2016 Presidential Race

Why I (Still) Like Rand Paul

Libertarians across the nation can breathe a collective sigh of relief today as we buckle down to watch yet another nationally televised political circus play out in the GOP primary. Our voice of reason, Rand Paul, hasn’t been cut out from mayhem just yet. It looks like we can look forward to a few more swipes at the likes of Chris Christie before the end of this campaign.

As we all remember, the media was not kind to Rand’s father Ron four years ago. In fact, they seemed hell-bent on pushing his anti-establishment ideas out of the Republican discourse, even going so far as to leave his name out of polls he did well in, while focusing their praise on those who underperformed.

This cycle, with candidates like Donald Trump, Ted Cruz and Ben Carson leading the pack in the race for the GOP nod, has been thought of as the year of the anti-establishment candidate. So why has the intellectual and literal heir to Ron Paul done so disappointingly poorly?

It was a little over two years ago when we first got our hopes up about a Paul victory in the Republican primary. The younger Paul was still riding the momentum from his Kentucky senate victory in 2010, and had emerged as a front-runner for the 2016 Republicans. That much could easily be written off, it was after all, an entire three years before the next presidential election.

2016 Republican primary polling data, from RealClearPolitics

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But little Paul kept at it, and after taking a few dips below tired old neocons like Huckabee and Christie, he reemerged as the front-runner in the summer of 2014, and then again in late November, before finally dropping down again as Jeb Bush began to rise above the pack. Alas, fate seems to be telling us that this would be the last time in the 2016 cycle we would see our man doing so well in the polls. To make matters worse, as the campaign wore on, whispers of dissent began to be heard from behind hardcover copies of Human Action and in between episodes of The Tom Woods Show.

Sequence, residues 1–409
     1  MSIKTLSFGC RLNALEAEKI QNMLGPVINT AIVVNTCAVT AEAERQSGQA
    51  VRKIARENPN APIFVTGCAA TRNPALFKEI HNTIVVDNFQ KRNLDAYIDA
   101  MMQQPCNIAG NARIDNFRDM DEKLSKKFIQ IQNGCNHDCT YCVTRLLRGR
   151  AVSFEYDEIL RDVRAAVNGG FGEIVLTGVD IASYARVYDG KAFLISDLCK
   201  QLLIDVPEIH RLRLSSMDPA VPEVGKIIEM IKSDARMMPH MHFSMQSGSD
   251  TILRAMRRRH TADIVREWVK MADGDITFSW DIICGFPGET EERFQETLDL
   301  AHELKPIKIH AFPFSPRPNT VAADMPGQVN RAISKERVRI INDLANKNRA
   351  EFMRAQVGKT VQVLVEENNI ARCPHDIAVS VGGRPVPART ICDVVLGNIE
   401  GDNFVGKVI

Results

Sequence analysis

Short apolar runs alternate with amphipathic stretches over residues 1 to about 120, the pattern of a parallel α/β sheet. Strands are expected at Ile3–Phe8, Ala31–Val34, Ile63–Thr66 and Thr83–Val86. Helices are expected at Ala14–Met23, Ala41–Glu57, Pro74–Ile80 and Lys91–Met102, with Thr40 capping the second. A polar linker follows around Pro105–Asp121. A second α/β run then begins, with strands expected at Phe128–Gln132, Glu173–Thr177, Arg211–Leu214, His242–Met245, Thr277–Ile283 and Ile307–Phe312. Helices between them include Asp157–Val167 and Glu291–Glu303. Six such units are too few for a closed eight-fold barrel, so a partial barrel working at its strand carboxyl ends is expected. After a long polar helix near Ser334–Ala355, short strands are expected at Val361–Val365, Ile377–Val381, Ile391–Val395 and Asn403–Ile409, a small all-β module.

Among Ron Paul’s more hardcore libertarian following, Rand Paul had begun to draw criticism for watering down his positions to fit the mainstream conservative mold. He stopped talking about the absolute right to discriminate for private property owners. He started talking about drug courts instead of about outright legalization. Had Rand gone soft on us? Many libertarians started to wonder, and still do wonder today.

Before I get into an analysis of what went wrong (and right) with Rand’s 2016 presidential campaign, let’s set one thing straight: He’s still one of us.

I’m sure we all rolled our eyes when Obama’s views on gay marriage “evolved” just before the 2012 election, and the older and wiser of us may even remember how George W. Bush campaigned against nation building in 2000 before going on to invade two countries. The point is, it shouldn’t be surprising to us of all people who politicians mislead and sometimes outright lie to the public about their positions on issues to get elected. It is a well-documented phenomenon that candidates will swing farther left or right to appeal to win primaries and then move to the center for the general election.